Getting Buy In for Your Business Strategy: Lessons from Tableau’s CEO on Going International
Anyone can make a strategic plan, but executing the plan is the hard part. Creating tasks, setting KPI's and developing project plans are only part of the equation when it comes to leading a team or guiding a company towards success and growth.
When it comes to strategic planning, getting alignment and buy-in from your team are two ingredients that will help increase the likelihood of success and improve the overall environment in an organization.
This environment creates greater employee engagement and is hard to measure when it comes to bottom line revenue. When done properly, greater employee engagement translates into greater output, greater employee (and customer) satisfaction, and greater retention of skilled staff (which is getting harder and harder to come by and is a big cost saver).
When it comes to your business strategy or strategic plan, there's a strong emphasis that is put on the values of the company aligning with the values of the people within it.
These values, when exemplified, show your team and the rest of the world whether you talk the talk, walk the talk, or reward and support the walk.
The CEO of Tableau software does all three of those things, and as his company grows to different locations around the world, he's showing all his employees that he means business when it comes to being a global company.
Geek wire (a great tech blog from Seattle) caught up with Tableau Software CEO, Christian Chabot, about his experience working in their London office for a year and the effects his decisions had of the rest of the company.
"“Yes, our sales in London went up,” Chabot said about working abroad. “But there’s a richer answer here and it has to do with culture and people.”
He goes on to share:
“Imagine this: You’re a French employee that just joined an American tech company and the CEO is cutting the ribbon at the office opening,” Chabot said. “It feels different. You feel like the whole ‘let’s take Tableau to France initiative’ is really important. It’s all about the subtleties and not the obvious things that really bring you the benefit of distributing your team to global offices.”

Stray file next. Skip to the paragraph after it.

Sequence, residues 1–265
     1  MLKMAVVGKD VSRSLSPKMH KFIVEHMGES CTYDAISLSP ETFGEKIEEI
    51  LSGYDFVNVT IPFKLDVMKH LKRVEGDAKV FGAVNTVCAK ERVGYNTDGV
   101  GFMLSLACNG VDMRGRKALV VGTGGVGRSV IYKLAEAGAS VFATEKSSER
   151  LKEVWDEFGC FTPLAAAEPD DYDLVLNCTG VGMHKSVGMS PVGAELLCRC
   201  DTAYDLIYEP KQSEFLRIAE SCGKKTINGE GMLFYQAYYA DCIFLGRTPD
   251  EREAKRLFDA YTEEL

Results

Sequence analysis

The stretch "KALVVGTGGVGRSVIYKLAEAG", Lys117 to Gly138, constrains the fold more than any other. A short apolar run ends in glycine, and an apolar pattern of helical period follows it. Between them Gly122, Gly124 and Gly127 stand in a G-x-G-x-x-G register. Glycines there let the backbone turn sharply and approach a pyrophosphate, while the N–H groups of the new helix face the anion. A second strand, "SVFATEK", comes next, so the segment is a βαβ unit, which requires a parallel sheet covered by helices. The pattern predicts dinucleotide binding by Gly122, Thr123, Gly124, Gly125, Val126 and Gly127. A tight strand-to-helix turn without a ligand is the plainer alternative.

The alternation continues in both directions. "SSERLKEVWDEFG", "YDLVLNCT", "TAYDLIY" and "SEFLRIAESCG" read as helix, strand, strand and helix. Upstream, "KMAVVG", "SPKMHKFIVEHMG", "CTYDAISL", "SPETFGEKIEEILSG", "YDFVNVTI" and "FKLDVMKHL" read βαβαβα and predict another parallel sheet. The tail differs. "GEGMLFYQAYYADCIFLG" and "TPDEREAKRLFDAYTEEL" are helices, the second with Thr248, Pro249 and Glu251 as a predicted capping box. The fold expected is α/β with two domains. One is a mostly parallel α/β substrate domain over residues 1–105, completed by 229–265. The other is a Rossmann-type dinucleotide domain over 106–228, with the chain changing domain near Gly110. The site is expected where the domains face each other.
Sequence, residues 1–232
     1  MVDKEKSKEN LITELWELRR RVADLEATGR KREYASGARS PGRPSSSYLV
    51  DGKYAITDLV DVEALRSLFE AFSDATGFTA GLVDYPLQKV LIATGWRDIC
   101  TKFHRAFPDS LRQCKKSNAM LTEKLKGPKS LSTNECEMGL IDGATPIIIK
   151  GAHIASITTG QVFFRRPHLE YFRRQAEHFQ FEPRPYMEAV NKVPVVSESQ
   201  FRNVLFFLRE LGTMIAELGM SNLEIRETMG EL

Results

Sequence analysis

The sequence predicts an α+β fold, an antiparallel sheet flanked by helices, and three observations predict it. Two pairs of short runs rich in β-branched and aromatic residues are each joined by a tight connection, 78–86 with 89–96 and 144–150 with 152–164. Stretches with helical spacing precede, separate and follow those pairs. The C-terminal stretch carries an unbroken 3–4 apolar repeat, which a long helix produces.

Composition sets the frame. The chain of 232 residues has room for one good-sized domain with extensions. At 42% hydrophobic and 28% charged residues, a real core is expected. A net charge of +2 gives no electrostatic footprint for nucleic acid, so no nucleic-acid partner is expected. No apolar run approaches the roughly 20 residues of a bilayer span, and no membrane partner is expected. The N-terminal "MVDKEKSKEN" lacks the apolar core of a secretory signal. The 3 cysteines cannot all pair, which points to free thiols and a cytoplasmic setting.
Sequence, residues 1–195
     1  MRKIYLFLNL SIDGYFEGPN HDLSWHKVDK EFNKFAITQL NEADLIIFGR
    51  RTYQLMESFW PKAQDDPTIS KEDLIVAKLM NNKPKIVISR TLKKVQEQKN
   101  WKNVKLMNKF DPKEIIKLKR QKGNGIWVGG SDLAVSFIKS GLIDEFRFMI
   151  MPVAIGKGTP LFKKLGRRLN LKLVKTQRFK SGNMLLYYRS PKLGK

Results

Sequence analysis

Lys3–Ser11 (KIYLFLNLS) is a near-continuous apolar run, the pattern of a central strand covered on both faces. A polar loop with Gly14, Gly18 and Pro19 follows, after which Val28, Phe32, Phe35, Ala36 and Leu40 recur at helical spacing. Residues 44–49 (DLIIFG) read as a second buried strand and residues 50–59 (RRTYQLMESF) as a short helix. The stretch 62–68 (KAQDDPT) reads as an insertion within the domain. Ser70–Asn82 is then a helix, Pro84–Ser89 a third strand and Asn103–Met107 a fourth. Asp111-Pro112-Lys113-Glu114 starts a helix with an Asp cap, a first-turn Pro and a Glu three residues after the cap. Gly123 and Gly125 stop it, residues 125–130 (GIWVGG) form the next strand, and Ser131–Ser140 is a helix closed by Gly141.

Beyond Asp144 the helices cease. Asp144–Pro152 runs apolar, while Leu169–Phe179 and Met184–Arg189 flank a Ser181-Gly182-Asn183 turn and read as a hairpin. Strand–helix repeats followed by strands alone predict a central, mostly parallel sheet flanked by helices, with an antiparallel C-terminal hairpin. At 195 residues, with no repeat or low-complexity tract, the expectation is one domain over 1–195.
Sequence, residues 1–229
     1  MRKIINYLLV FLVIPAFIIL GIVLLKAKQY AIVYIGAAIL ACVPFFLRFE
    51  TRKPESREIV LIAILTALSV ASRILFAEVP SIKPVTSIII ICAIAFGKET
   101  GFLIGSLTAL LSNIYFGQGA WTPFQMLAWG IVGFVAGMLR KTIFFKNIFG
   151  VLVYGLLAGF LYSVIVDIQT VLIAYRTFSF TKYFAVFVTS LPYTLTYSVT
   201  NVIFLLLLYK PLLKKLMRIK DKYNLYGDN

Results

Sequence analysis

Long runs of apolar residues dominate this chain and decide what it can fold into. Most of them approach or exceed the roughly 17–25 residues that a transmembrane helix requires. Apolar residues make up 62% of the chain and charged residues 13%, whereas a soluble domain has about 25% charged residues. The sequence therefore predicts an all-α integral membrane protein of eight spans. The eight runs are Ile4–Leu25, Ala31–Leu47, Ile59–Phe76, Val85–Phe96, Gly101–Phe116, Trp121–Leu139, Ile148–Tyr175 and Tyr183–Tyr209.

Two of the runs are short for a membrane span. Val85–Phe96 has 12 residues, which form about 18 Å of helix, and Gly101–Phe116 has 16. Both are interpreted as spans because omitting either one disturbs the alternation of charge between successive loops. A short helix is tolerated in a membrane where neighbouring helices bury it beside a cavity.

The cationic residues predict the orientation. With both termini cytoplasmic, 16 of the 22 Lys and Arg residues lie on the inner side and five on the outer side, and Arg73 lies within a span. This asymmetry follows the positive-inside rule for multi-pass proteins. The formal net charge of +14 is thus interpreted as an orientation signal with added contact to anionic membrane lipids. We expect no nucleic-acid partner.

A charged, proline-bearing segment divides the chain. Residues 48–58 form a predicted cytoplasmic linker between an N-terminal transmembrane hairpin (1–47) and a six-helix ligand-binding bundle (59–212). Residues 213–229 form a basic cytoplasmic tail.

Whether your business strategy is local or global, you need to generate buy-in from your team throughout your planning and implementation process in order to move forward.
Including different levels of staff throughout the strategic planning process is a great first step, but your leadership at all levels of the company need to be committed to the plan, and visibly demonstrate that the team's goals are greater than the goals of the individual.
As you lead your team, think of different ways that you can demonstrate your commitment to the plan.
Part of being a leader is doing the tough things first so that you can inspire your team to follow the example that you want to set for the entire organization. However, if you do things that aren't in line with the strategic plan, what do you think your team is going to replicate? Or, if you don't do anything at all, you're at risk of enforcing negative behaviour, and no one follows your lead.
Find the parts of your plan that will get your team excited and aligned; inspire them to to work towards your organization's strategy through engagement and leading by example.
You'll have an accountable team, ready to execute your organization's strategy, and your company will be better for it.
(Read the full article on Geek Wire here: http://www.geekwire.com/2015/lead-global-company-tableaus-ceo-learned-year-london/
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